by: Brandon Richey
Strength Tip Of The Day…The Gait
Today’s blogisode is all about the gait. I mean as strength coaches we often find ourselves talking about the obvious topic of strength and how to lift heavy objects in the most effective manner, but what about preparation for the zombie apocalypse? I mean at some point in time you’re going to have to be able to move out from under that bar and show off your mobility skills, right?
The Gait: A Particular Way Or Manner Of Moving On Foot.
So last night I stayed up watching the final BCS national championship game between the Auburn Tigers and Florida State Seminoles. It was a hell of a matchup and I can’t wait until my Georgia Bulldogs will have a title run in the new system next year, but I digress. If you were like me and took the time to watch this football game, or any football game for that matter, you saw some very strong players on the field making some very impressive feats of athleticism.
I mean the point is that when looking at football players (and other athletes as well) we tend to focus on how strong they are more than anything else. I mean let’s face it, some of these players are just physically imposing figures to see in person. Now having said that the one characteristic that we all care about come game day is how well they can run. I mean speed kills right? The bottom line is that there is no doubt we want to see our guy with the ball to take off blazing down the sideline past the other team in order to take that pigskin to the house!
The point is that speed is just a characteristic that can’t be neglected. Now don’t get me wrong strength can’t be neglected either, and strength does influence the development of one’s speed and athletic ability. However, I just wanted to take a second to point out the other side of the coin. You see the improvement of one’s gait along with the development of speed also influences strength development as well. I believe it’s a 2-way street. You see the movements that involve the development of optimal performance don’t end with the barbell.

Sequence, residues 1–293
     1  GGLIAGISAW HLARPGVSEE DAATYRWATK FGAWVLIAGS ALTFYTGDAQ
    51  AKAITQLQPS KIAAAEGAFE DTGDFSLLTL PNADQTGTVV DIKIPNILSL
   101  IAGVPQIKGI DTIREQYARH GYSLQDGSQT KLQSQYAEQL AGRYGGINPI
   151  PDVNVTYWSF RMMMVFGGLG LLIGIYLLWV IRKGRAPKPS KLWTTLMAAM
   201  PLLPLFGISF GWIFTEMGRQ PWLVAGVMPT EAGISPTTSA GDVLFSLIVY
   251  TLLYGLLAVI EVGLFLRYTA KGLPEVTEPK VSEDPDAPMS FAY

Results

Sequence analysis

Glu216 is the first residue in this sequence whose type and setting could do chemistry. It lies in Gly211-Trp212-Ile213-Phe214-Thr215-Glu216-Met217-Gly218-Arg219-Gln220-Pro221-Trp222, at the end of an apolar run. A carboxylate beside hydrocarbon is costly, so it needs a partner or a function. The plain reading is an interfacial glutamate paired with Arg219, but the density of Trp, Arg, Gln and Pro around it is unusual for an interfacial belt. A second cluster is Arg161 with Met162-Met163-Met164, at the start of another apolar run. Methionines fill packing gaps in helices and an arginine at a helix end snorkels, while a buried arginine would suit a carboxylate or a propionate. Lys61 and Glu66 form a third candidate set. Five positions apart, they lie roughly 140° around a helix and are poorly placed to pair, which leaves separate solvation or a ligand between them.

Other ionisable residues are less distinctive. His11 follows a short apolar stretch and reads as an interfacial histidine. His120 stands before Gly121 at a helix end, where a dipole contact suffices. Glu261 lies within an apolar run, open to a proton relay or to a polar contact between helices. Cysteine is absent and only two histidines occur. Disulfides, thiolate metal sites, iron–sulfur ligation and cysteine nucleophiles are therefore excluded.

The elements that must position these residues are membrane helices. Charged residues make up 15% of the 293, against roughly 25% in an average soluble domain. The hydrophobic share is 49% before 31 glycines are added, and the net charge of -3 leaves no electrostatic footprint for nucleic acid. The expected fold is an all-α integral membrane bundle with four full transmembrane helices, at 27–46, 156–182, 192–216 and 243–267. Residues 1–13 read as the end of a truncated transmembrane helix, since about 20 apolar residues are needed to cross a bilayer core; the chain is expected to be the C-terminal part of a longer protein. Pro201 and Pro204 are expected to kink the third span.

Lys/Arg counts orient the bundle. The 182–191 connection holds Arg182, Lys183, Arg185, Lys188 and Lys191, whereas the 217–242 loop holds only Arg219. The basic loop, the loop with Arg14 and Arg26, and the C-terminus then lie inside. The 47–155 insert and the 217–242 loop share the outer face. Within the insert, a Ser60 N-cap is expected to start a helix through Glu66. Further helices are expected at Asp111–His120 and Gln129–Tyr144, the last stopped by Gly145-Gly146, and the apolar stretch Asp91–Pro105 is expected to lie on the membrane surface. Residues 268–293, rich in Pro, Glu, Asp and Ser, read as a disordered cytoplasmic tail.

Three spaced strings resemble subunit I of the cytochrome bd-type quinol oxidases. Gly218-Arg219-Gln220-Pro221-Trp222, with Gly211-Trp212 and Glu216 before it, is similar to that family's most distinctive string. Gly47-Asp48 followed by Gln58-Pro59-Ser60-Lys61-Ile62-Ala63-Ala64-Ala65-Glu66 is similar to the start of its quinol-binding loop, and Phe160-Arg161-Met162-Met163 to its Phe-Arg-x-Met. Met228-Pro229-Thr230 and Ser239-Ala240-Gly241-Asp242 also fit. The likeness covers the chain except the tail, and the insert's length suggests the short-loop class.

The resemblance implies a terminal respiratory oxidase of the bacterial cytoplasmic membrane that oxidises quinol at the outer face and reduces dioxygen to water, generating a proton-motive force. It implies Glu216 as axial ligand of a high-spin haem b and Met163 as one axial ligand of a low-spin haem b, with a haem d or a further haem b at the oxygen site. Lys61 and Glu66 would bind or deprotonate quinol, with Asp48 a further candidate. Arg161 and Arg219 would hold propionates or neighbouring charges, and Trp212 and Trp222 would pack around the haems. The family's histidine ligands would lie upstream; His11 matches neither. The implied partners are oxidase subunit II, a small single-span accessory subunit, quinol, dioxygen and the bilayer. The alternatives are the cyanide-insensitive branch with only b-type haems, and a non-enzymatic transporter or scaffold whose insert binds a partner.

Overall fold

I’m a big believer in one practicing and improving on the skill of running, or sprinting. Being able to develop a strong gait ensures that you have mastered yet another human primary movement (or primal movement) within the scope of your performance. The point is that you don’t want to neglect this part because you’ll only be engaging in a program that is very one dimensional. The physical needs to survive either within an athletic environment, or just a demanding world full of flesh eating zombies requires the ability to run!
By the way if I can’t change your mind on this then maybe The Walking Dead might. It’s an entertaining show and highly addictive. Anyways, the point is that training your gait should come as a regular part of your strength and conditioning model.
Training the gait not only provides us with benefits to achieve a superior level of conditioning, but you will feel as if you can move better altogether. Combined with strength development you can also build on the element of speed by conditioning your body for sprinting. Once you have achieved being able to do this with just your own resistance you can progressively challenge yourself by practicing a more challenging feat by running up a hill ,or up some stadium stairs.